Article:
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Judge. In the former capacity, it is his business to promote the glory of God by endeavouring to promote the true happiness of this Nation, and that of other nations as far as it depends on the conduct of this. In the latter, by an attentive examination of the case brought before him, and an impartial adherence to law, or, where law leaves him undirected, to substantial justice, in his decision.

In all public measures which have an evident bearing on the happiness of foreigners, regard is to be paid to those principles of juftice and benevolence which ought to be observed in tranfactions between individuals. In the eye of Christianity, all men are brethren ;

; in that of upright policy, nations are individuals to each other. The conscientious Legiflator will feel the same abhorrence of involving Great Britain in a war on any other grounds than those of indispensable felf-defence, or of affording stipulated protection to allies, or welcome succour to the oppressed, which would strike him at the idea of embruing his own hands, through self-interestedness, rancour, or revenge, in the blood of a fellow-subject. During the course of the most prosperous hostilities he will at all times be anxious for peace, on any terms which would afford a reasonable compensation for injuries received, and a reasonable prospect of future security. And if this country should be enabled, by the blessing of Providence on her arms, to reduce the enemy to submission, he will warn her to listen to the voice of Christian charity;

fellow

to do as she would be done by, to love her “ neighbour as herself,” and to relax, as far as prudence will permit, those rigid conditions which strict right may entitle her to impose, In the consideration of treaties of alliance with other

powers, he will steadily resist every clause which apparently may be the means of engaging his own country in the support of an unjust war, or in the prosecution of a just war to unreasonable extremities. In discussing treaties of commerce, he will not act for GreatBritain on the narrow principles of a tricking agent; but, conscious of his duty to do good to all mankind, he will recommend that mutual communication of advantages which may cement the friendship, and excite and reward the industry, of both the contracting 4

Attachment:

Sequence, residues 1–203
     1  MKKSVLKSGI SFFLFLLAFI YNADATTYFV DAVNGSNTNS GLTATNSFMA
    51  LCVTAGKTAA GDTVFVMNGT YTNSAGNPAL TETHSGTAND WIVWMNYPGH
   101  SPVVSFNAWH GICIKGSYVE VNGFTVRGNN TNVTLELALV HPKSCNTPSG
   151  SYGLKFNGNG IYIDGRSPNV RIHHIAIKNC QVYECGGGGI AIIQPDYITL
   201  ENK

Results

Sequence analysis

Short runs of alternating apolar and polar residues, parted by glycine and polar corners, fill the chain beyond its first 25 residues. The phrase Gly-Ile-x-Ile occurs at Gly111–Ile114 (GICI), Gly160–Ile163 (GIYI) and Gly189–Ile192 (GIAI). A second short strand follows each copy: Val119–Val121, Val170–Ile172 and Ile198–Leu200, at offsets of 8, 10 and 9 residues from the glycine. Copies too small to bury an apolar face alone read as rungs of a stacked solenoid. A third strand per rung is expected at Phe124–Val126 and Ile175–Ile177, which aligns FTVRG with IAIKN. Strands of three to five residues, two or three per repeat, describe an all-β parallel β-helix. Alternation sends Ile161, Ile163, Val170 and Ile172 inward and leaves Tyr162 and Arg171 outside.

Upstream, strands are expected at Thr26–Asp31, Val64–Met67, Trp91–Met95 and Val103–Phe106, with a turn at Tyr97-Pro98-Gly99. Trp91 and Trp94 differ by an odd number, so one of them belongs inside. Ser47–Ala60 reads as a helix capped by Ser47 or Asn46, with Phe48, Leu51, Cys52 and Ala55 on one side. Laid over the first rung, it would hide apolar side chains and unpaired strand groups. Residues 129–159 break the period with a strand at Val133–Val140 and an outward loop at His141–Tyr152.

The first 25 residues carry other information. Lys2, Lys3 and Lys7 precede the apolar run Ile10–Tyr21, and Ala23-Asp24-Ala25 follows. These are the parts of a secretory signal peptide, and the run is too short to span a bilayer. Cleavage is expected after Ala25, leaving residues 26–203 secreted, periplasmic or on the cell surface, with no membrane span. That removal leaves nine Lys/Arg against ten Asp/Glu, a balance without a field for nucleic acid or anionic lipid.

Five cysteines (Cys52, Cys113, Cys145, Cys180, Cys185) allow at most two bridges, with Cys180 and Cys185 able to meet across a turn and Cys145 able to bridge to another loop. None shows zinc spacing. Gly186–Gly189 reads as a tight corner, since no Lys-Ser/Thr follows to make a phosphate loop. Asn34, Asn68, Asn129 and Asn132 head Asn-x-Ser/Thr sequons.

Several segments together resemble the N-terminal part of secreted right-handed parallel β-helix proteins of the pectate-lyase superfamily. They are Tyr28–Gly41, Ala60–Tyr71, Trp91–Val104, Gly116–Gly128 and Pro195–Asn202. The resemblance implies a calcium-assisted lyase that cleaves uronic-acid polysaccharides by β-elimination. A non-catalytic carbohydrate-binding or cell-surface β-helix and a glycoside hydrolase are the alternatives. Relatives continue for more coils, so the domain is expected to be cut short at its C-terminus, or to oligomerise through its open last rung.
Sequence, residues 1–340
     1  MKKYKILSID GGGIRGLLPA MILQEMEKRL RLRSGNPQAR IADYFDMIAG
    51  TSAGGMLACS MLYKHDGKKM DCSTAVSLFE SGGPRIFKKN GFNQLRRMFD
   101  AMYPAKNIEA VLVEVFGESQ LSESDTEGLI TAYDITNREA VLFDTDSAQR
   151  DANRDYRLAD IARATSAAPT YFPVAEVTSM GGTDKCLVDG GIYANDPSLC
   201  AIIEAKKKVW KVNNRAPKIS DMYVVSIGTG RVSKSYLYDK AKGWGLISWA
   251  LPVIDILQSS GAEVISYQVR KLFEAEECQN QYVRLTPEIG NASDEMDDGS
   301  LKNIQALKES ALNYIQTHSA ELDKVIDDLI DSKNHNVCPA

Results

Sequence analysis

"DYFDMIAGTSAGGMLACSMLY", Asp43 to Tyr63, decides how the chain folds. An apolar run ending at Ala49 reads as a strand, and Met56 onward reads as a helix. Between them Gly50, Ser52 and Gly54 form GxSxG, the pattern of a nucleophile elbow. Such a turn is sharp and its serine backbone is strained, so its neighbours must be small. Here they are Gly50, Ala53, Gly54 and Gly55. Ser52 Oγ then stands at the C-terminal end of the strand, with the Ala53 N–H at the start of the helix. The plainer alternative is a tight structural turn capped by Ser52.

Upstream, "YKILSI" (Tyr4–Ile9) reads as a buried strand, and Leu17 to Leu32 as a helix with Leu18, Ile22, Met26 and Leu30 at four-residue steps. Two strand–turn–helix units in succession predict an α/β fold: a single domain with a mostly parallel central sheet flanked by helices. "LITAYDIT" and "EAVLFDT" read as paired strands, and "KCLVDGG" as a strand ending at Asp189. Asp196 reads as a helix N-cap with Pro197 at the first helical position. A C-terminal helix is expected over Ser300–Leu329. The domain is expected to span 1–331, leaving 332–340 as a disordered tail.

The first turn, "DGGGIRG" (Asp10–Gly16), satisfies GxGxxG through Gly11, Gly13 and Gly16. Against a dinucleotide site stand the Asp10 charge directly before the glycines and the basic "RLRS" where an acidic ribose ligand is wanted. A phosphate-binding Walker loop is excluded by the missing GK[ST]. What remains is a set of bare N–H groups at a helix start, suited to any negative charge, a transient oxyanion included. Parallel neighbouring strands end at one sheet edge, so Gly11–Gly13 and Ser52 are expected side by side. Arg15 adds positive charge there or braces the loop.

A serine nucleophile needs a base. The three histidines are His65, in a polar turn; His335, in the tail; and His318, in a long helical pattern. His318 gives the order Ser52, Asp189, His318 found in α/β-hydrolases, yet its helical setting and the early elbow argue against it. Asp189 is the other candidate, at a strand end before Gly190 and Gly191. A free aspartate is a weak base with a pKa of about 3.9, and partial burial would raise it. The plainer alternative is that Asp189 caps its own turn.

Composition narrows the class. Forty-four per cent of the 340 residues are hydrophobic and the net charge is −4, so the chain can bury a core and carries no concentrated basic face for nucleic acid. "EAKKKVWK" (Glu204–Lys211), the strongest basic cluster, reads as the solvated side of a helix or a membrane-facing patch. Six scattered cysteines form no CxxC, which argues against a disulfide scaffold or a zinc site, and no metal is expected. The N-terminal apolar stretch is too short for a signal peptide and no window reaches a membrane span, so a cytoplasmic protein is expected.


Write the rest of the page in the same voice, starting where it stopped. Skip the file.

parties. parties. He will not promote trade at the expence of morality. He will not consent in behalf of his country to any proposed regulations, in consequence of perceiving that they would enable her to spread her manufactures by smuggling. In framing laws which relate to the distant possessions of Great Britain, he will consider himself as the common guardian of the mother country and of her dependencies; and bound to consult the welfare of all the inhabitants of the latter, whatever be the hue of their complexions.

In determining, on the grounds which have already been explained, the measures to which he shall direct his principal attention; he will be solicitous to include those in the number which are at once important in themselves, and not likely to be undertaken by others. Of this description are various political investigations, which are attended with much labour and little popularity. He will make it his object to obtain not only the redress of those grievances, and the reform of those abuses, which result from the operation of general principles ; but of those also which originate in the partial or perverted effect of a particular law. He will be guided, in the motions which he brings forward, by his opinion of

, their usefulness or necessity. He will regard the applause which he may receive, or the odium which he may incur, no further than as the one may contribute to promote, or the other to impede, his power of rendering future services to his country and to mankind. He will not shrink from proposing the restraint or the surrender even of one of the privileges of his own order, if its continuance in its prefent extent, or its continuance at all, appears in his opinion inconsistent with the public · good. Whatever measures he may suggest, he will accommodate them, as far as reason and the nature of the intended object will admit, to the sentiments of those on whose concurrence their success may depend; and will strive to frame his proceedings in such a manner as may ensure to him, if he should fail to attain the end which he principally desires, the accomplishment of that which is next to it in point of eligibility. He will not aim at tak, ing the lead where he can be of more essential ufe by giving subordinate assistance ; nor en

danger danger the reception of a plan by exposing it to the effect of prejudices, which might lie against himself as the introducer of it.

In appreciating the measures introduced by others, he will be actuated by motives no less pure and conscientious. He will warmly support such as he deems laudable and useful, and strenuously resist those of the contrary description, whether brought forward by Ministry or by their opponents, whether proceeding from a popular or from an unpopular side of the House. He will not suffer his conduct re. fpecting private Bills to be determined by personal favour and personal solicitation ; nor, if he is himself interested in the fate of the inclosure, the canal, or the turnpike road, will he resort to those improper modes of influence, or act on those selfish motives, which he would have disapproved, had he been an unconcerned spectator of the contest. He will not concur in augmenting the public revenue by means of laws which are oppressive or unfair in their operation. He will not fill the treasury (c) at the expence of national virtue. In

deciding

(c) On this ground Lotteries appear highly objection

able ;

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